Russian crackdown has led to a dramatic drop, but expect it to be temporary.
Enjoy the drop in Viagra spam traffic while you can. (Don't claim you didn't notice.) It's expected to be somewhat brief, as others move in to fill a void authorities say was created by an investigation of Igor A. Gusev, Russia's reputed "spam king."
Viagra and other prescription drug spam reportedly dropped by 20% worldwide -- 50 billion e-mails a day -- when the Russian computer police got involved.
Consumer Reports surveyed bespectacled readers about their purchasing experiences.
Shopping for eyeglasses isn't easy, especially when frames can cost well over $200 a pair -- even without the fancy add-ons and logos. But a Consumer Reports survey found that a great pair of eyeglasses doesn't have to break the bank.
The magazine surveyed more than 30,000 of its bespectacled readers about their most recent purchase of a pair of glasses and found that Costco topped the ratings of eyeglass retailers, which included large chains, independent local optical shops, and private doctor's offices.
Amazon launches new FB service, boosting retail move toward social networking and mobile commerce.
You check Facebook and realize that, once again, you've forgotten your niece's birthday. She's away at college in another town, so mailing brownies is out of the question if you want them to arrive in time. And you refuse to indulge in those lame Facebook games that involve spending real money for virtual gifts.
Amazon gift cards have long been available via e-mail. Making them available on Facebook is another way to integrate shopping with a service that reminds participants of friends' birthdays and lets people share their shopping experiences online.
Research shows that interruptions can make pleasant things more pleasurable, and unpleasant things even worse.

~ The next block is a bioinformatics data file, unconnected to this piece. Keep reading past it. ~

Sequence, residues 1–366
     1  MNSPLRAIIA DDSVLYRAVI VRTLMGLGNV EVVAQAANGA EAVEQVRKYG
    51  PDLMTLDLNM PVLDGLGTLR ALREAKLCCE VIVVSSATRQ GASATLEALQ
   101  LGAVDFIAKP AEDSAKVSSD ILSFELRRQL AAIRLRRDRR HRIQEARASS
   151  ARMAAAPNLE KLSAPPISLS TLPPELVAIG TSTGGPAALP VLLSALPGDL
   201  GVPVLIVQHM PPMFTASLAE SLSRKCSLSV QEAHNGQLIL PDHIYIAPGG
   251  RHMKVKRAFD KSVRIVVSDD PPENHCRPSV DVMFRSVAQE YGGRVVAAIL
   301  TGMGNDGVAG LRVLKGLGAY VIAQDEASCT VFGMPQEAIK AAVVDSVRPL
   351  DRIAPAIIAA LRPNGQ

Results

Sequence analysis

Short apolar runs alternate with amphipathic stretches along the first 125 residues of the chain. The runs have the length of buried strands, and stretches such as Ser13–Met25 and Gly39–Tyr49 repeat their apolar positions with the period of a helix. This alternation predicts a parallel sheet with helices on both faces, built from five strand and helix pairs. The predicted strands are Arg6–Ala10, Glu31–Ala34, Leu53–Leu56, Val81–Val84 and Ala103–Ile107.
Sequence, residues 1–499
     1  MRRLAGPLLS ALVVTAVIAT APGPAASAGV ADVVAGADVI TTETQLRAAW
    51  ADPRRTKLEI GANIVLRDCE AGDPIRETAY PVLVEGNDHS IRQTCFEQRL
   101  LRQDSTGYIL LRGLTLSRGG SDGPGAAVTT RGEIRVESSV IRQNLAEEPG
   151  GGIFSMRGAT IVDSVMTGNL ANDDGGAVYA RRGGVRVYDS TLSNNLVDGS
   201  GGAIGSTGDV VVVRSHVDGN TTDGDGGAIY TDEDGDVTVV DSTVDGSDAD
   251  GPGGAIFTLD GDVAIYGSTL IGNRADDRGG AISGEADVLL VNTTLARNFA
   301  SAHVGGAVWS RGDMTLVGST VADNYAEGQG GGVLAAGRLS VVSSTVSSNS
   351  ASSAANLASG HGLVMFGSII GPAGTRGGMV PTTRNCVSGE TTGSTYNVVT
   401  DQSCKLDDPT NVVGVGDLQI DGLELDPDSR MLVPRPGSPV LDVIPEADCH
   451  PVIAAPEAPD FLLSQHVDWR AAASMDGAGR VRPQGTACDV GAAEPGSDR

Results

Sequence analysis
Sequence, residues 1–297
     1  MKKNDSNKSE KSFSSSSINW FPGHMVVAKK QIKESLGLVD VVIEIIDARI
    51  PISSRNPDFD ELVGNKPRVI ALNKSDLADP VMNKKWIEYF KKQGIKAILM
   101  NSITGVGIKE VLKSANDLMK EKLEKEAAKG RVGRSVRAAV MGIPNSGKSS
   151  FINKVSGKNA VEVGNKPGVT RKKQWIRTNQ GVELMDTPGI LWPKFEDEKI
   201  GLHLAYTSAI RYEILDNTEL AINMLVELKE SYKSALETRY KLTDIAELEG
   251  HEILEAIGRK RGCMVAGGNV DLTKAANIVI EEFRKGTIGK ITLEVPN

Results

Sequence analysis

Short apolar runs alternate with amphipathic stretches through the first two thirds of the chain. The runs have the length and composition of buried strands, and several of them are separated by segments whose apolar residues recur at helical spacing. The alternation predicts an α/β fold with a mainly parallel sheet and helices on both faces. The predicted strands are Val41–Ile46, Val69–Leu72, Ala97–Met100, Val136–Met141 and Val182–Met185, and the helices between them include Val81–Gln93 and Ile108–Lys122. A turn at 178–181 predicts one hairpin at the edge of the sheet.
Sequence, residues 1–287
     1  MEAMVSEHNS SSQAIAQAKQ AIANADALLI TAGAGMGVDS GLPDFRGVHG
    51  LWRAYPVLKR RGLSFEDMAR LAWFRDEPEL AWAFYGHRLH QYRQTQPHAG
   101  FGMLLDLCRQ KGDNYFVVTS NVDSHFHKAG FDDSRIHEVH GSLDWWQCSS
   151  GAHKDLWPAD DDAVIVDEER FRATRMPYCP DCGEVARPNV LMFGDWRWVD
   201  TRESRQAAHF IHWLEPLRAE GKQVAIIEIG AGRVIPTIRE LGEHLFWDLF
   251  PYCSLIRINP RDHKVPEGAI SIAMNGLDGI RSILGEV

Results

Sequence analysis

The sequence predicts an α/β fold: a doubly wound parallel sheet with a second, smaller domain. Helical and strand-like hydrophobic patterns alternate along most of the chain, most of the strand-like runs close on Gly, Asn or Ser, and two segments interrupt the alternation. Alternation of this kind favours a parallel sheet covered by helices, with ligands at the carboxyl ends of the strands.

Sometimes, I read a study and go, "Hahaha, yeah, right." Most often, I then proceed to do exactly what the study says I would do. This is one of those studies.
I mean, how would you react if the study title was, literally, "Enhancing the Television‐Viewing Experience through Commercial Interruptions"?
- Quick quiz: 10 questions to estimate your credit score
More banks are paying you to open accounts, but 'free' money has a cost.
There is no such thing as free money -- unless, of course, you want to open a checking account. Several banks have started offering cold, hard cash to get new customers in the door.
But hidden in the fine print are fees and rules that will wipe out the windfall.
Cash incentive offers have more than doubled over the last year, says Schwark Satyavolu, chief executive of BillShrink.com, which tracks bank account trends.
The chaos that moving creates affects all aspects of our lives.
The thought of moving is enough to strike fear in the hearts of the bravest souls. Relocating on the cheap -- without the benefit of a team of professional movers, a sea of boxes and bubble wrap, and a small fleet of vans -- well, that's just plain hard.
But, for most of us, high-end moving services aren't part of our reality, and moving involves straining the bonds of friendship, frustrating all-night packing marathons, and eating croutons and bacon bits for lunch because we've packed the rest of the food.
With some simple preparation, a laser-like focus, and lots of patience, moving on a budget can be less of a hassle. Here are eight tips for successful DIY moving:
Brazilian court orders fast-food giant to pay former employee who gained 65 pounds on the job.
McDonald's has lost a high-profile obesity lawsuit, with a Brazilian court ordering the fast-food giant to pay $17,500 to a former manager who says he gained 65 pounds while working at a franchise.
The employee, whose identity was not made public, said he went from about 155 to 231 pounds during his time with the company. The plaintiff said the random presence of "mystery clients" -- who are tasked with visiting franchises and evaluating their food quality, cleanliness and customer service -- made him feel obliged to sample the food every day.
What if doctors' offices were like the gym: pay $50 to $150 monthly and come as often as you like -- without insurance? It's already available.
You've probably heard of Doctors Without Borders. Maybe it's time for doctors without insurance.
Thanks to a little-known provision of the Patient Protection and Affordable Care Act, otherwise known as health care reform, beginning in 2014 a new type of medical practice will be allowed to compete within state-based insurance exchanges. They're called direct primary care practices or "medical homes."
By eliminating insurance companies from the health care equation, these practices promise to lower the cost of medical care by up to 40% -- according to some experts -- the amount sucked up by insurance company profit and overhead.
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